Illinois Banking Jobs Would be Protected by $1 Billion Investment
Posted on October 16, 2008
Illinois banking jobs, as well as other small business jobs, could be protected by a new proposal to invest money into state banks.
Illinois State Treasurer Alexi Giannoulias recently introduced a plan to invest $1 billion in Illinois state banks, which would provide needed cash for borrowers to help avoid a credit crisis, help level the state during the current financial crisis and make sure jobs stay local.
According to an article by The Associated Press, the money will be made available to interest-bearing bank accounts by shifting it from lower-yielding investments. Making money available to state banks will help keep bank workers employed, as well as help keep those who have taken out loans for their own businesses employed.
“The foundation of healthy local economy is a strong local lender,” Giannoulias said in the article. “We want them to know that the state’s banker has confidence in our local lenders. As soon as we give them the resources and the capital to continue lending, we can keep businesses open and we can keep jobs here in Illinois.”
Participating banks will be required to put up collateral worth as much as 110 percent of the deposit. As part of the plan, any state-chartered or national bank with an Illinois branch will be able to request up to $25 million. As it is expected most banks will only need extra money for a few months, they will be required to repay the money within a year. Major banks included in the federal government’s recent buyout are not eligible.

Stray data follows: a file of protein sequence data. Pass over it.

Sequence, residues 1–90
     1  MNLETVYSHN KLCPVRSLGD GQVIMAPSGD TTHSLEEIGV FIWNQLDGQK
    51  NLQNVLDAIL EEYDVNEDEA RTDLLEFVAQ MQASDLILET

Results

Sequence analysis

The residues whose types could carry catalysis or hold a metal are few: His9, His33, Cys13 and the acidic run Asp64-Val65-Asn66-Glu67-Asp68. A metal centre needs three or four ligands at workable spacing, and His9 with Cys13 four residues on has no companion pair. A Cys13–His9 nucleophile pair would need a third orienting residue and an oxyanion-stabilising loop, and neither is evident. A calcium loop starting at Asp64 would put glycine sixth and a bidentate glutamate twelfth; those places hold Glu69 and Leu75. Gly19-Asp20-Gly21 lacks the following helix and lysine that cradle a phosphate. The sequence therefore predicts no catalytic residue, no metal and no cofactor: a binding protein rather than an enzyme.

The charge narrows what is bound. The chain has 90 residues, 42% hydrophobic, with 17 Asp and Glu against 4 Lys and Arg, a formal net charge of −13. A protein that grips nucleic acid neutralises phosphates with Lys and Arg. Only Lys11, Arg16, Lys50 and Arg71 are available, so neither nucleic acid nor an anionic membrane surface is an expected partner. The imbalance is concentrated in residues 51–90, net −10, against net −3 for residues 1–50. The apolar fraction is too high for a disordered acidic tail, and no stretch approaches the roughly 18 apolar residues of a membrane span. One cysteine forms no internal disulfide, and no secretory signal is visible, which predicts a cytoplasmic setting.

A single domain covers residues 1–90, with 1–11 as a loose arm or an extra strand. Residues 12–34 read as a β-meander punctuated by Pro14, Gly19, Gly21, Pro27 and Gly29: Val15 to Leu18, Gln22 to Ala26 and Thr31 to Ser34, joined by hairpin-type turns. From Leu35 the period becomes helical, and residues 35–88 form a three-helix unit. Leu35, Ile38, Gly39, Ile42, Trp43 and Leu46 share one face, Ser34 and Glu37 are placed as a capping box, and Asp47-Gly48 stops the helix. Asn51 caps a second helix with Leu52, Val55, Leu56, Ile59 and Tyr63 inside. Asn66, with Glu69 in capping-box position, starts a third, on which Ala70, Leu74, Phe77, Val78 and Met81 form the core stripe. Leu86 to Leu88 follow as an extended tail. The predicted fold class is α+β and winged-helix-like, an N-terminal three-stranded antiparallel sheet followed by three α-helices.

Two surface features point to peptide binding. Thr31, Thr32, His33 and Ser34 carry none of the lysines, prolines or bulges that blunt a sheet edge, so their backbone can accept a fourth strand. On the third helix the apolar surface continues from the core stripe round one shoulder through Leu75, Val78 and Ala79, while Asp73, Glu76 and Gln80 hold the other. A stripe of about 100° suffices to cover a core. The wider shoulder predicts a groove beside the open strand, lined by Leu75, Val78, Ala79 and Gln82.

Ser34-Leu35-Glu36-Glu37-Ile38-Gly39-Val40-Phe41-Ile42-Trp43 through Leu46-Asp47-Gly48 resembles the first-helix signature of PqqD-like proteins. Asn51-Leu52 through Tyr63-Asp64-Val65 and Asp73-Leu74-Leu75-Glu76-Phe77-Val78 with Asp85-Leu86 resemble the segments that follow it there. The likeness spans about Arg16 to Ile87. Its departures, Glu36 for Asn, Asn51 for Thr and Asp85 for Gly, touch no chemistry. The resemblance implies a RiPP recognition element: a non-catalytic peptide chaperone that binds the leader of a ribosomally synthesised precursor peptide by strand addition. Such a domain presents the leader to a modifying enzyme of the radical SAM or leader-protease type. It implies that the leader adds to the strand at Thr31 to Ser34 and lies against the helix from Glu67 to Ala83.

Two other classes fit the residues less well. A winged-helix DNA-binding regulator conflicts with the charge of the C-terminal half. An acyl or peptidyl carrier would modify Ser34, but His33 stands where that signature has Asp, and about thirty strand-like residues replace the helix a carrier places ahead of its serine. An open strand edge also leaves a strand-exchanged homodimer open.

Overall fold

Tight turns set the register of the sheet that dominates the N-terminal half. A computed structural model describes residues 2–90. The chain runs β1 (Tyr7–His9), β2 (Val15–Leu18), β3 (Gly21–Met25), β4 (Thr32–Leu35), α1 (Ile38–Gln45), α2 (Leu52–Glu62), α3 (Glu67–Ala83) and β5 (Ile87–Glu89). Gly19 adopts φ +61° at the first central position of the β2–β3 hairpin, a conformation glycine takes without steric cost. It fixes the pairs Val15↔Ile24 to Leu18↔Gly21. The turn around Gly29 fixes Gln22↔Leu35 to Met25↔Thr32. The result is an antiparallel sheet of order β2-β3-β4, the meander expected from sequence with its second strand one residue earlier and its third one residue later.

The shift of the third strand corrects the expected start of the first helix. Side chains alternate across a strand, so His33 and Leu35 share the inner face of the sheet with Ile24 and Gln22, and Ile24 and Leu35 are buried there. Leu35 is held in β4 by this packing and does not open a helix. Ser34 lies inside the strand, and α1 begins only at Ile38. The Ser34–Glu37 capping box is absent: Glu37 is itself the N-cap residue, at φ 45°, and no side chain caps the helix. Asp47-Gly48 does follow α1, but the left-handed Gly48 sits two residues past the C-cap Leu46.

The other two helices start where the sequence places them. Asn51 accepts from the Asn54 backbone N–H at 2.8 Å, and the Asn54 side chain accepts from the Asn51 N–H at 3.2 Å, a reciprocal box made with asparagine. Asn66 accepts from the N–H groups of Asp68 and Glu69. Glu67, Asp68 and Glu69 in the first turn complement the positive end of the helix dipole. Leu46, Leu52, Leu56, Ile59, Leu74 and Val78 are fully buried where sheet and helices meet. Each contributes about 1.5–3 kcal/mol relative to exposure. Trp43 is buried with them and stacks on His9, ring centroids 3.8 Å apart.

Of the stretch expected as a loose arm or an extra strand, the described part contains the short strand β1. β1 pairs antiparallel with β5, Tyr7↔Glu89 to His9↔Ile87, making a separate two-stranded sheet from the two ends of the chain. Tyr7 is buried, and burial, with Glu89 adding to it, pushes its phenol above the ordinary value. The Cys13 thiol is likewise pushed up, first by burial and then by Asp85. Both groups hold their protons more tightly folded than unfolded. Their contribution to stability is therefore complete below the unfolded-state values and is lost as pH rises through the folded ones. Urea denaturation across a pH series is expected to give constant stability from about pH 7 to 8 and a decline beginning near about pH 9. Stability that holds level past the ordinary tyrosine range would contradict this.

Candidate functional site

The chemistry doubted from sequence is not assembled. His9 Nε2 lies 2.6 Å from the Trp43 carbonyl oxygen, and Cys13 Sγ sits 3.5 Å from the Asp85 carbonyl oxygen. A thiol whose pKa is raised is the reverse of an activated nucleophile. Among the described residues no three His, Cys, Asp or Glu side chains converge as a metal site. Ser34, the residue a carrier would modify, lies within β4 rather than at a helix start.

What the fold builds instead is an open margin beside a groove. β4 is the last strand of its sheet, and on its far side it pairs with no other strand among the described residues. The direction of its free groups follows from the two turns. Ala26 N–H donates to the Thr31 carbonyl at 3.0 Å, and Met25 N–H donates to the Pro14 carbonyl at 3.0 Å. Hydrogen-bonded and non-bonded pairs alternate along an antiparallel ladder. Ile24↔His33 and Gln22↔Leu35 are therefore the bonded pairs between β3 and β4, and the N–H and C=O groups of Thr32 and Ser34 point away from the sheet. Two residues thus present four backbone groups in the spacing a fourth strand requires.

Under the new plan, state money transfers will be limited to 10 percent of a bank’s total deposits and a bank will not be allowed to have more than $100 million total. The plan would immediately release an initial $500 million and begin to issue increments of the balance on a monthly basis from December through March.
For some officials, the plan seems to lighten the strain on banks that want to continue investing in local communities, and at the same time raises the confidence of depositors.
“Once you lose confidence in a bank and its ability to keep your money safe, you can create a huge domino effect that can really bring a bank down which otherwise would have been able to get through a tough situation,” Leo Harmon, senior director of Chicago-based Fiduciary Management Associates and a member of the treasurer’s external investment advisory board, said in the article.
Illinois officials are hopeful that other states will follow in their lead. So far, state and local governments haven’t come up with any plans of their own to assist banks. However, New Jersey Governor Jon Corzine, recently proposed the state begin to purchase foreclosed homes as part of a broader economic stimulus plan.
“We’re trying to find ways to free up money, free up capital, for Illinois families and businesses who really need to be able to go to their bank and get that capital and also reassure depositors that their money is safe,” Giannoulias added.